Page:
Evolve agile Business Model

The concept of the Agile Organization is situated in the yellow bubble signifying the decline of the Systems Thinking paradigm and the rise of Networks and Complex Adaptive Systems.

Agile Organization

When a paradigm shift occurs, everyone goes back to “ground zero.” Any competitive advantage you had disappears. Conversely, you are able to drawn even with market leaders. If you’re caught by a shift, will you revise your business plan?

Here’s a different thought: How about trashing it and thinking like a nimble start-up?


Think differently in a VUCA World

It has been a words and numbers exercise using rational thinking to predict what will happen in a stable world. And it worked well for most of the 20th century.

Text-based Bus PlanHowever, we’re now 10+ years into the 21st century. It’s time we offered thinking tools that are designed to deal with VUCA: volatility, uncertainty, complexity, and ambiguity.

In his book Reality Check, Guy Kawasaki declared:

  • “Most people spend eighty percent of their effort on crafting a one million cell Excel spreadsheet that no one believes.”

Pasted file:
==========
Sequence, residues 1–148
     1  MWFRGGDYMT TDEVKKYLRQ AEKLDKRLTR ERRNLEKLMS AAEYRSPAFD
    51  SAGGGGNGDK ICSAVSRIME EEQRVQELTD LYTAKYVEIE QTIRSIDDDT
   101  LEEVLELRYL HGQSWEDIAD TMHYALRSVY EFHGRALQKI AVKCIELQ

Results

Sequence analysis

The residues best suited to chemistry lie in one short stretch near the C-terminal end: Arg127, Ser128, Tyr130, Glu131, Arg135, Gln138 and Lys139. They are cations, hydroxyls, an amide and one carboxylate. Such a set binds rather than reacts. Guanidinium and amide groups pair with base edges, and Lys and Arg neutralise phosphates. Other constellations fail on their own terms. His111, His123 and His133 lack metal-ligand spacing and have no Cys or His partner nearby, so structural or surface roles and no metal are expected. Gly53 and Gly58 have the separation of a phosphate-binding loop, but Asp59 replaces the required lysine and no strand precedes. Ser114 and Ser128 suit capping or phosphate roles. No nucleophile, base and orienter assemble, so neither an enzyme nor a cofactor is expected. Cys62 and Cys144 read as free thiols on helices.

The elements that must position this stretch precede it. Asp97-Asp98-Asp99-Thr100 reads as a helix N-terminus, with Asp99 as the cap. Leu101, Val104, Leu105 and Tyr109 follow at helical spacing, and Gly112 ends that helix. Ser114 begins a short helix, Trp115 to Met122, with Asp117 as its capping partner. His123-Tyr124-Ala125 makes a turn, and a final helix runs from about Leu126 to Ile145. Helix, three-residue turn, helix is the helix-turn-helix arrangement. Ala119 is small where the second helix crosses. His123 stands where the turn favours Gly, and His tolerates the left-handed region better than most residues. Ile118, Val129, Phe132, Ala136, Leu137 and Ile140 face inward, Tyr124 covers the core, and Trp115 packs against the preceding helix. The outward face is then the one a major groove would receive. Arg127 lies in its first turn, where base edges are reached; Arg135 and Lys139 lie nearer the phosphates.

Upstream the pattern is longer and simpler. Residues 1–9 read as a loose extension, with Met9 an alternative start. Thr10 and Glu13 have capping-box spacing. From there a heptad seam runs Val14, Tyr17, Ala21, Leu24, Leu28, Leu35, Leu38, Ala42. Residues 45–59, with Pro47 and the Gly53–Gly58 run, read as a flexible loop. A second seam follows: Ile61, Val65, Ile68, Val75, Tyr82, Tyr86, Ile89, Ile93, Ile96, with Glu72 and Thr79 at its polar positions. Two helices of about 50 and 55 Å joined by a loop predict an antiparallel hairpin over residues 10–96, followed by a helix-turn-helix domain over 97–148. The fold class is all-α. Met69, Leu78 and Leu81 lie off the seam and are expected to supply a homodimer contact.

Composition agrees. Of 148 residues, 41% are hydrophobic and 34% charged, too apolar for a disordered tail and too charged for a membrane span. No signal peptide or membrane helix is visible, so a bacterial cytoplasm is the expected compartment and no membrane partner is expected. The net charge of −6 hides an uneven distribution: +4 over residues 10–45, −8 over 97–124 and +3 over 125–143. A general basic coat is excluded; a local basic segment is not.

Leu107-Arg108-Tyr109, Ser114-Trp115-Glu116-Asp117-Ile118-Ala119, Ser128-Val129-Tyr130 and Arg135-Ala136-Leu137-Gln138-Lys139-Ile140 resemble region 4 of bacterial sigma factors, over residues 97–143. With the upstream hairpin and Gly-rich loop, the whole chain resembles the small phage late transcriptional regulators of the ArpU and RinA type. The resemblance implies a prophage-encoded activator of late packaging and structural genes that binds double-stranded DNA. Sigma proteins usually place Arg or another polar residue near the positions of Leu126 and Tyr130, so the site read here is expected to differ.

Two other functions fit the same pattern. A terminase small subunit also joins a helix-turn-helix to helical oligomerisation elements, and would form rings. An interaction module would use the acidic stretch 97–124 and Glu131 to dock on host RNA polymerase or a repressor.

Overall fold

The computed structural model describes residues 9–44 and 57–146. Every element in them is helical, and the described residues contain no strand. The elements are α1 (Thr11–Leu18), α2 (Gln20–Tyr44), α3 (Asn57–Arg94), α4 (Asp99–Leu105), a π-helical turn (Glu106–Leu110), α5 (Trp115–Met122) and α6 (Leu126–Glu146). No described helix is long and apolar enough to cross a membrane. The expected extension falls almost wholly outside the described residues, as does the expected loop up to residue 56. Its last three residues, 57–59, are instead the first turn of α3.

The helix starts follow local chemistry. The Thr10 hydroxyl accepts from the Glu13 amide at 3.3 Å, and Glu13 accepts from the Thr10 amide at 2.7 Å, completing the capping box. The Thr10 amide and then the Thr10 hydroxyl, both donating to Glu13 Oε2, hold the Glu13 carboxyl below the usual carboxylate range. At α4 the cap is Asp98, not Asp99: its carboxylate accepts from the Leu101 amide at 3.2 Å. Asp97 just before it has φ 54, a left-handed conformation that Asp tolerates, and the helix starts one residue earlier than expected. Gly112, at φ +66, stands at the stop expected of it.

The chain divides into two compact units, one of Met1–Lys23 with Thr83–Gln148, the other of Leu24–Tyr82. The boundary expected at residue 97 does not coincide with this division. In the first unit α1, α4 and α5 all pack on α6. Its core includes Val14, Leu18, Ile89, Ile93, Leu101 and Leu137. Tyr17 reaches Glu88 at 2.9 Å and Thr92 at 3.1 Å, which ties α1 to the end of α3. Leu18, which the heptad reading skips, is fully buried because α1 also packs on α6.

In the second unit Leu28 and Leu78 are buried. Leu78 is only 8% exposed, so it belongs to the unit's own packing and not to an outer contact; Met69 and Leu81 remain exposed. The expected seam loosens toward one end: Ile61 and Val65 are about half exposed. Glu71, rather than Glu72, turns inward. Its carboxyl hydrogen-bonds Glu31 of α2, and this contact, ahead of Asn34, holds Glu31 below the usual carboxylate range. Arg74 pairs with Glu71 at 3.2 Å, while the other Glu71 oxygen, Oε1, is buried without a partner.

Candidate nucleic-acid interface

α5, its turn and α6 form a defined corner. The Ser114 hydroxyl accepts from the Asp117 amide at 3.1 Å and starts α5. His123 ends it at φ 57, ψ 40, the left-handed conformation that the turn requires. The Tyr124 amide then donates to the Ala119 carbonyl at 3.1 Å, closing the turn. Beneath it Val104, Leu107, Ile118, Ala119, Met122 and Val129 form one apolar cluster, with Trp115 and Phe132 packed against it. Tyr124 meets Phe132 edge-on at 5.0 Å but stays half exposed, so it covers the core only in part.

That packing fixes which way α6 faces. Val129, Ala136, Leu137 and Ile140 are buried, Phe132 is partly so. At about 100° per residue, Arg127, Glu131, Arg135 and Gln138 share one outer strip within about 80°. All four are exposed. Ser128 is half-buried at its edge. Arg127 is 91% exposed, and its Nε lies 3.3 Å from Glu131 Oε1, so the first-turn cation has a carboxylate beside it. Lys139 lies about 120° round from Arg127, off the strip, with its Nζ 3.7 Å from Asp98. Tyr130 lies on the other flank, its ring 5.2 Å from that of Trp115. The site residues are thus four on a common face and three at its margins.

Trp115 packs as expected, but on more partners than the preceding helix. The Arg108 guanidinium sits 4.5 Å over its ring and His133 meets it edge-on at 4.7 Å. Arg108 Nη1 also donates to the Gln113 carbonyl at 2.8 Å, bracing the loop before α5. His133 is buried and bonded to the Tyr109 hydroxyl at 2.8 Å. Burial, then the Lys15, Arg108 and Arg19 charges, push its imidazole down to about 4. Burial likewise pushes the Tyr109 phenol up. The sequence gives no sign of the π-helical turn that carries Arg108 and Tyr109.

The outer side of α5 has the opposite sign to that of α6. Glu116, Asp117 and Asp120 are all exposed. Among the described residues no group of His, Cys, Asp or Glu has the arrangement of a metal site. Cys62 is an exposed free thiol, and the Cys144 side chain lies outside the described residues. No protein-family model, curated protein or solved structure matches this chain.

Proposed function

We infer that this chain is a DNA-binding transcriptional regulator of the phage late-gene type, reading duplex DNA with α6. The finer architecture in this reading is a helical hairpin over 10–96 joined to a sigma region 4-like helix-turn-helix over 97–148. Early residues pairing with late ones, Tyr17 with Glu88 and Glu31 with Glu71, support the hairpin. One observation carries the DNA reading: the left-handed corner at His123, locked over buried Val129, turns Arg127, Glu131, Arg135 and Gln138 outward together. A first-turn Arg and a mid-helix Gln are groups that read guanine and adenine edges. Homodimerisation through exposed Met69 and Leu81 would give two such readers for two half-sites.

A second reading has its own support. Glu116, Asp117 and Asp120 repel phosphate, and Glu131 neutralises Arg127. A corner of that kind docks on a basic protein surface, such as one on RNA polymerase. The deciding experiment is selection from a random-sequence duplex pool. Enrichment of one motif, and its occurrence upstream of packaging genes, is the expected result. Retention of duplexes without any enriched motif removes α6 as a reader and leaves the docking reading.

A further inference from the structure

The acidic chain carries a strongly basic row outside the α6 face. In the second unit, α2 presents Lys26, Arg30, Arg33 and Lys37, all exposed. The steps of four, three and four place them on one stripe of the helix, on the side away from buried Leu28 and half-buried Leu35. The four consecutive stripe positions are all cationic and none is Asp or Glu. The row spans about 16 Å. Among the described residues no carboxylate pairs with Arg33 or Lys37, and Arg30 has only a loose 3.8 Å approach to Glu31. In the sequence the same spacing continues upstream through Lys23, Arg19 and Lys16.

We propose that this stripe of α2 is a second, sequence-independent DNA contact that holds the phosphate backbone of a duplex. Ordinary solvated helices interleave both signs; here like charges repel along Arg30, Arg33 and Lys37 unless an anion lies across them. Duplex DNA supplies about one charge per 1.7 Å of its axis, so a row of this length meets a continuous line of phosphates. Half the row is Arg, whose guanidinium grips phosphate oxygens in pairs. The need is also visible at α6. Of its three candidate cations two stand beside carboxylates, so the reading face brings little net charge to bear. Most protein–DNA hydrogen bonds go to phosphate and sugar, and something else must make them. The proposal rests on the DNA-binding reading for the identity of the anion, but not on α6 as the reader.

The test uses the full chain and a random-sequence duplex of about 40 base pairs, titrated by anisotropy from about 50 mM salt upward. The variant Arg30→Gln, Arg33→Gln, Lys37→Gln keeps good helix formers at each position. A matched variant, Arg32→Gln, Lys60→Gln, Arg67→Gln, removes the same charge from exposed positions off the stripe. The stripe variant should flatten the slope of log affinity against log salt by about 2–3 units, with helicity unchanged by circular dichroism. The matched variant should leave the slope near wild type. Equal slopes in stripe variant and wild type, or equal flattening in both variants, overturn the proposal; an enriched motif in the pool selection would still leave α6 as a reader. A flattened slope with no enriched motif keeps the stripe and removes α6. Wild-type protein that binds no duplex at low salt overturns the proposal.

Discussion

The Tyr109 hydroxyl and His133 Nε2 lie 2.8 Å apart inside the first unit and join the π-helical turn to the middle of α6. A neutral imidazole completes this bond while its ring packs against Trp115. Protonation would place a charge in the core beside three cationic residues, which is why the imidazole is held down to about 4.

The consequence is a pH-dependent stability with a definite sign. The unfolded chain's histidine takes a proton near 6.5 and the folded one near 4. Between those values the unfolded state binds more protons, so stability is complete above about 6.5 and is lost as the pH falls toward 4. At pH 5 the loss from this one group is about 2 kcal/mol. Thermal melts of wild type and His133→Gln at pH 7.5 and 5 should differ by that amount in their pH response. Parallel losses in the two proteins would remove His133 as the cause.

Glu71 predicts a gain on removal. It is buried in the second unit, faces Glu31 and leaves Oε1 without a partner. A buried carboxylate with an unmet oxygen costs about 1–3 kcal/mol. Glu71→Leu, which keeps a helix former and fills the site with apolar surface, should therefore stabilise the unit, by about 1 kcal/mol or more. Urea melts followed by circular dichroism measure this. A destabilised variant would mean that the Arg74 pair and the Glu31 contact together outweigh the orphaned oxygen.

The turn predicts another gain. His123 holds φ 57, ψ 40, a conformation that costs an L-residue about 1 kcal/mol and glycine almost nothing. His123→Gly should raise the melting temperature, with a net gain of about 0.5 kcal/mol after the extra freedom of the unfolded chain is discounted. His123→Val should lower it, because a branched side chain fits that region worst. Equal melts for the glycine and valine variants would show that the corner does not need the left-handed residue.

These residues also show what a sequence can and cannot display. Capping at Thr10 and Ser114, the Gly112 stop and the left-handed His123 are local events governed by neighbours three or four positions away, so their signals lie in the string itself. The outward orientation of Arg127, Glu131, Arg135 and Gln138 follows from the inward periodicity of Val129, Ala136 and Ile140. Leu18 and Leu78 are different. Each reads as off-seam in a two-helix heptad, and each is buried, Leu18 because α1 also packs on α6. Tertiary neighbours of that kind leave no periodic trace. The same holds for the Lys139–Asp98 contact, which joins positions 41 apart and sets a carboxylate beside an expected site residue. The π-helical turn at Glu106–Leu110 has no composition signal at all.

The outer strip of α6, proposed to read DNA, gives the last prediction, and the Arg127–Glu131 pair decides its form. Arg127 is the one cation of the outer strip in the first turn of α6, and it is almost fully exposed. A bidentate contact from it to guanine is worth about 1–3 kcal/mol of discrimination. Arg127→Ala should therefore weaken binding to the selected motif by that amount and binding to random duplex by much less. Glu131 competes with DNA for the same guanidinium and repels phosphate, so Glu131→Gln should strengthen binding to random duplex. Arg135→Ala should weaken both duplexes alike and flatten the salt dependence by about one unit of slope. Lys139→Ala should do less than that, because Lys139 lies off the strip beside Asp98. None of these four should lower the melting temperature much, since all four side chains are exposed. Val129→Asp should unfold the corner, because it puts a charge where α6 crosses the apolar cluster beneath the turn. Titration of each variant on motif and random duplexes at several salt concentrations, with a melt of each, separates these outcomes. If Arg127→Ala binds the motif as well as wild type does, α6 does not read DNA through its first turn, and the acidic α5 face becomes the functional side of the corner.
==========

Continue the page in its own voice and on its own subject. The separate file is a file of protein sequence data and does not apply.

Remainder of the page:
• “You are flexible and fast moving: changing as you learn more and more about the market.”
  • “A good business plan is an elaboration of a good pitch.”

Ditching your business plan doesn’t mean you stop planning your business. You just do it differently. We suggest using a Business Model Framework, a concept developed by Alex Osterwalder.

You plan your business collaboratively working on the canvas on the table or mounted on a wall.

Bus Model work

The 9 building blocks create a “picture” and a “flow”. A story unfolds describing how the company runs to meet customer needs, deploy employees and suppliers, and generate a positive financial return.

Polished presenters know the power of storytelling and its ability to explain complex situations.

The canvas acts as a terrific visual aid and ultimately replaces Powerpoint bullet point slides designed in a linear, sequential format.
As uncontrollable forces alter the business landscape or unanticipated consequences occur, the canvas is promptly revisited to discuss impacts on the prevailing business model. Modifications are agreed to; the canvas is updated and changes communicated. Listener participation is higher since everything is there to see as one connected system; clicking Powerpoint slides backwards and forwards and potentially losing train of thought is no longer necessary.

 Addition References:

Blog: The Case against the Business Case


Leave a Reply

Your email address will not be published.